Monday, 11 November 2013
Heavenly Wristlock is the next in a series of geisha vs demon artworks I am exploring. I first began the series with my Gentle Omoplata design last year for Tap Cancer Out. Earlier this year, I created the Heavenly Footlock fundraiser t-shirt. For this followup I wanted to continue the serene and elegant poise of the previous characters so I chose her applying a wristlock technique. Wristlocks are powerful if applied correctly and cause immense pain. They are also quite handy for maintaining the character in a graceful posture - unlike techniques where she would have to unfurl her kimono and generate more body pressure on the demon (which might look less graceful).
So with the idea in my head, I quickly sketched out some very rough doodles in my notebook...
As is evident in the doodles, I had a hard time figuring out the exact wristlock technique that would look good. There are quite a few variations on hurting wrists. Originally I thought the one known commonly as sankyo would be perfect. But at its peak, the victim is elevated higher than the attacker - I felt this altered the dynamics of the composition too much. I wanted the geisha looking down on her opponent. After playing around with other combinations, I settled on nikyo. The parasol was something I definitely wanted in the composition from the beginning. Old school jits fans will already know that any straight object (such as a stick, pen or kubotan) can act as an additional lever when applying joint locks.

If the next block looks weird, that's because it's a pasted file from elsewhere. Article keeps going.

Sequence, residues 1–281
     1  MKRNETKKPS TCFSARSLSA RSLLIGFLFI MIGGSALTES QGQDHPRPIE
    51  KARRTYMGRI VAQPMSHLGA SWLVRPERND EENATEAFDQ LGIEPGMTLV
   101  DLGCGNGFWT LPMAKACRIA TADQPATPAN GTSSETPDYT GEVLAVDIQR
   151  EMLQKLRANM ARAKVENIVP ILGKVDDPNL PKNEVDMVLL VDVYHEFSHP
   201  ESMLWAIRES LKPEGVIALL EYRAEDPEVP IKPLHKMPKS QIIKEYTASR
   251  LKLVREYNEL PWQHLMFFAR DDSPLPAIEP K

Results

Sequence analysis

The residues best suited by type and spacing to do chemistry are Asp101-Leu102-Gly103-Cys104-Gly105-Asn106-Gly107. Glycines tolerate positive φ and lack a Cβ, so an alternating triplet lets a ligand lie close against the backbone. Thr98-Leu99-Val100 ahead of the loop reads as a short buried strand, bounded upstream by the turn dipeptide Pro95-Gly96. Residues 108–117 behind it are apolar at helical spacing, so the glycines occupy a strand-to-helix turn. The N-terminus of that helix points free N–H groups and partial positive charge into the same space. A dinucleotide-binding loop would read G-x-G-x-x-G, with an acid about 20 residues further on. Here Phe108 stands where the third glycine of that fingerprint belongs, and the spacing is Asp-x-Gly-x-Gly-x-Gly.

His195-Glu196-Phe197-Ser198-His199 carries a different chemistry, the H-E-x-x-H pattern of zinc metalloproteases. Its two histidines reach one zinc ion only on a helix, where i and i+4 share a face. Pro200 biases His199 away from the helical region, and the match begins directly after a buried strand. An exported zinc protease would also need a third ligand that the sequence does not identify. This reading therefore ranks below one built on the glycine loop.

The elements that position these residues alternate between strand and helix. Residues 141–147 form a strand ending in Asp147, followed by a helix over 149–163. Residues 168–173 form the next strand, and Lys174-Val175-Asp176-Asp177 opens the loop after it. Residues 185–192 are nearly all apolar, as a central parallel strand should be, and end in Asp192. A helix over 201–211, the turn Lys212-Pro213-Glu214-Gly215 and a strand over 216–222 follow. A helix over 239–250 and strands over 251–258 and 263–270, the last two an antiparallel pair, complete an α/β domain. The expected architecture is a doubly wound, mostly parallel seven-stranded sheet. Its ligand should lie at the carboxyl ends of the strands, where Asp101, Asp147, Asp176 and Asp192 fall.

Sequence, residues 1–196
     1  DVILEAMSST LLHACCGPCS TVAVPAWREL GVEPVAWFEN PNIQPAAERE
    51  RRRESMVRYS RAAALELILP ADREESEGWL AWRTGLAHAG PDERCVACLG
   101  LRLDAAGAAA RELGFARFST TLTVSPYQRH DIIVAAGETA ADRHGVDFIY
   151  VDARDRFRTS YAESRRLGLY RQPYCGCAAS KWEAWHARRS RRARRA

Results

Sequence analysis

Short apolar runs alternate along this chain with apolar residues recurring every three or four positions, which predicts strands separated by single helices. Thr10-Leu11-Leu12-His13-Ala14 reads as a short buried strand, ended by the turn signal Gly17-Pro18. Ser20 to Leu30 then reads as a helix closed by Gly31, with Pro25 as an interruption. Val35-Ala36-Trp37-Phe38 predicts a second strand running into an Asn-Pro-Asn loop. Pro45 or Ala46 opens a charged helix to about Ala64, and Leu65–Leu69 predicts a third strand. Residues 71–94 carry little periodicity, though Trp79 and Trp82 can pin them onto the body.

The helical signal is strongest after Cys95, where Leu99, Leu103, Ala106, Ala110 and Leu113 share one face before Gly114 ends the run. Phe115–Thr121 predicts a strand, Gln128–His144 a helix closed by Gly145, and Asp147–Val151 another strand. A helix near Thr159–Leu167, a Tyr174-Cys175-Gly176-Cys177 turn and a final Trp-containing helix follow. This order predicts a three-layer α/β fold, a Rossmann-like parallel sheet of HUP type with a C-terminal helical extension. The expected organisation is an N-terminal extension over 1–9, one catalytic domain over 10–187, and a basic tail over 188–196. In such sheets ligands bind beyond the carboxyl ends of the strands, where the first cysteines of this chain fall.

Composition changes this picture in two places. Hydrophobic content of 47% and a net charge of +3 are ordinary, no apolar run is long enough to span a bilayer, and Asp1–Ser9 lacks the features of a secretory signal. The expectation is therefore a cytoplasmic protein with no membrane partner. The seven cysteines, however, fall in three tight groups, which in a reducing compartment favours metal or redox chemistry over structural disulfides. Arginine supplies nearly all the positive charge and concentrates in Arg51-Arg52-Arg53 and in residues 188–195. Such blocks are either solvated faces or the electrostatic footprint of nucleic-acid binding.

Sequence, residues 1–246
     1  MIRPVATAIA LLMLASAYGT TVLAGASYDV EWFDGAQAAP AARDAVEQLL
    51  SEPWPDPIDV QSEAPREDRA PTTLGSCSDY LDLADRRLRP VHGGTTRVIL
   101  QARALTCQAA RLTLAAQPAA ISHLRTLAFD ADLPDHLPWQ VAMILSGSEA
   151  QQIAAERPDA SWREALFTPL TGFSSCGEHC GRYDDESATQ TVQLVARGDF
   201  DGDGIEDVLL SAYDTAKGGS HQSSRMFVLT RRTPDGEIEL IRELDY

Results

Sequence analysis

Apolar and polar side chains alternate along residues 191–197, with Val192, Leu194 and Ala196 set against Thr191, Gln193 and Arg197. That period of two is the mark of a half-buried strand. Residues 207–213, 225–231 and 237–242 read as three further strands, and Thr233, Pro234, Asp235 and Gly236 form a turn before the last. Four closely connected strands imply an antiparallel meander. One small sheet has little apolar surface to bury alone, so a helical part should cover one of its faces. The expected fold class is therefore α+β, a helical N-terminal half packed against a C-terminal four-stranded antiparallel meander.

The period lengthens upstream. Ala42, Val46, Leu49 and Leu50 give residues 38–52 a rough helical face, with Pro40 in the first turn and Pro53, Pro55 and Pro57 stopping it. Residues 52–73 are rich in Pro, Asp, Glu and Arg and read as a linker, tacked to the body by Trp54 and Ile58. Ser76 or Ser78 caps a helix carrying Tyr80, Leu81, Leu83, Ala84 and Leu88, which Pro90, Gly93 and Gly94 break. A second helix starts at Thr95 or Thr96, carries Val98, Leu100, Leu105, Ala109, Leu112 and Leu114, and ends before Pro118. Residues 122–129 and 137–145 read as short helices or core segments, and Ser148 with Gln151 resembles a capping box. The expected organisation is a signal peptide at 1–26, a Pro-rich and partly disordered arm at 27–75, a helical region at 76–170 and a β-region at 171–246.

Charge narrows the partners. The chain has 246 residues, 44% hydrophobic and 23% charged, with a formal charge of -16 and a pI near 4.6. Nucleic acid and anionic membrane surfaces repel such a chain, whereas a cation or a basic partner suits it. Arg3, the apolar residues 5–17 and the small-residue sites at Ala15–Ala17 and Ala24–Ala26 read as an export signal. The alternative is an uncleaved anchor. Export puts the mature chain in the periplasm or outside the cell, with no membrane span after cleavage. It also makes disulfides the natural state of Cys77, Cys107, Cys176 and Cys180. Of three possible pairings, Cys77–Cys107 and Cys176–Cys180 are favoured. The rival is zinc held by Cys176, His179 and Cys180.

I sketched the characters more fully - just pencil and paper, then tracing over the top with each improvement to be made. It was very laborious but in my opinion, important to do so I could see a clean version with each re-traced version.
In the sketch above, I loved how the girl was positioned, but I wasn't too happy with her hair. I had changed my mind halfway through and made her into a Chinese girl wearing a cheong sam dress. But it just didn't look that great to me, so I reverted back to geisha.
In the past I just drew flowers in a very basic manner - quite flat and 2-D. For this project, I wanted the girl's dress pattern to incorporate more realistic chrysanthemum depictions. So I drew them out like this:
Once all the inked up elements were completed, I then scanned the lot into my laptop.
Once scanned and livetraced in Adobe Illustrator, I was able to add detail and colour layer by layer:
With all the files completed, they were sent off to the factory for sample printing onto a rashguard. The technique used for printing is known as dye sublimation - the factory uses a very large inkjet style printer and prints into a giant piece of heat transfer paper. This is then applied to the fabric where the ink particles embed themselves into the fibres of the fabric. With the ink completely embedded, they do not fade, crack or wash out. For me, as a designer, it means I am not restricted with colour, gradients, tints or any other aspects of artwork compared to screen printed items.
The final rashguard modeled by me!
The Heavenly Wristlock rashguard is available to buy here.